How can you claim non-payment of salary?
Although technically a one-off or occasional failure to pay your salary is a breach of contract, it is not normally serious enough to entitle you to resign and claim that you have been constructively dismissed. There is, though an express or implied term in every contract of employment that your employer will pay your salary, and a persistent failure to comply with this obligation would indeed entitle you resign and claim constructive dismissal and breach of contract.
Alternatively, you may bring a claim in the employment tribunal for “unlawful deductions from wages” which is often a speedier remedy, and you can still remain employed whilst making a claim. A claim needs to be made within 3 months of the deduction or at the end of a series of deductions.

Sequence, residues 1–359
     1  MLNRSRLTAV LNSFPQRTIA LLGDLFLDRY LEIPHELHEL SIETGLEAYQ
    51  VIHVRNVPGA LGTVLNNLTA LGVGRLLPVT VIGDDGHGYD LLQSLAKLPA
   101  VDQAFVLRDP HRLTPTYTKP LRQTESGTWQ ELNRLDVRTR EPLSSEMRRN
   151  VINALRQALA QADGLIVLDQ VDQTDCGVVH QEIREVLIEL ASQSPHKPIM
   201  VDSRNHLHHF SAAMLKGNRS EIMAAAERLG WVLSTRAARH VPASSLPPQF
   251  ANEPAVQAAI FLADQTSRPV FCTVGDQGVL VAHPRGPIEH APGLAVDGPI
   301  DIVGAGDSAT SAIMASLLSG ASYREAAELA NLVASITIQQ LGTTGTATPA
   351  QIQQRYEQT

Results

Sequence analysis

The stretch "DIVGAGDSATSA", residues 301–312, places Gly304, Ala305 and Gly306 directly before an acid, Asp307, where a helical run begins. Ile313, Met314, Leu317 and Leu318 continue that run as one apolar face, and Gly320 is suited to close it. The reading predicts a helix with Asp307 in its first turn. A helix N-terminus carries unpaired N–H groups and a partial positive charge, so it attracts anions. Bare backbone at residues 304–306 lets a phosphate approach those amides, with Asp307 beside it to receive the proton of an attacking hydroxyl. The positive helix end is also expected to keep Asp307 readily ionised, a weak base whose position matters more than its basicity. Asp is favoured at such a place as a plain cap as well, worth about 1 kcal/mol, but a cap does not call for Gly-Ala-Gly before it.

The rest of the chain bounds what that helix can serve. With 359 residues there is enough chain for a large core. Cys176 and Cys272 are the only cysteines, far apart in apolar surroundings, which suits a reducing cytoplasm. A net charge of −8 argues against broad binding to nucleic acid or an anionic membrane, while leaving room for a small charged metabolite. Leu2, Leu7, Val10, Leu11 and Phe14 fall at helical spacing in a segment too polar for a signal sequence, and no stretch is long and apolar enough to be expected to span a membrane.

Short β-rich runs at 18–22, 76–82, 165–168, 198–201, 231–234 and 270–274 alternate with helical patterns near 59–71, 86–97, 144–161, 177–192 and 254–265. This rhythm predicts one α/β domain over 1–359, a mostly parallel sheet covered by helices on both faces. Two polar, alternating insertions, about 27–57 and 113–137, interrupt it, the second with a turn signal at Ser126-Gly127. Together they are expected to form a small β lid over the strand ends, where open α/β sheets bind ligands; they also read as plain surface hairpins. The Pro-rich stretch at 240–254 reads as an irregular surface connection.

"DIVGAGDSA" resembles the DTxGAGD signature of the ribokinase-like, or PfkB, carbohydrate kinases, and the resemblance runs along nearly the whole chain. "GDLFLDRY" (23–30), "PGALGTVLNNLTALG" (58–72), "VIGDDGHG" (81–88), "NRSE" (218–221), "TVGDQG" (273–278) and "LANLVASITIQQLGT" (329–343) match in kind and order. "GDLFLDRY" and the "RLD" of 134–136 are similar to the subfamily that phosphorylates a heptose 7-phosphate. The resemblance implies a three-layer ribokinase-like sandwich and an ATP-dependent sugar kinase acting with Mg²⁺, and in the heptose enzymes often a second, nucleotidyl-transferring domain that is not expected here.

Limits on making a claim.
The Government has announced a planned change to the Employment Rights Act 1996 in relation to claims for deduction of wages. The change will mean that when making claims for a series of backdated deductions from wages, including any shortfall in holiday pay, the period that the claim can cover will be limited to a maximum of 2 years.
It is expected that the effect of this change will be to limit the scope for a claim for deductions from pay going back more than 2 years for any claim presented on or after 1 July 2015.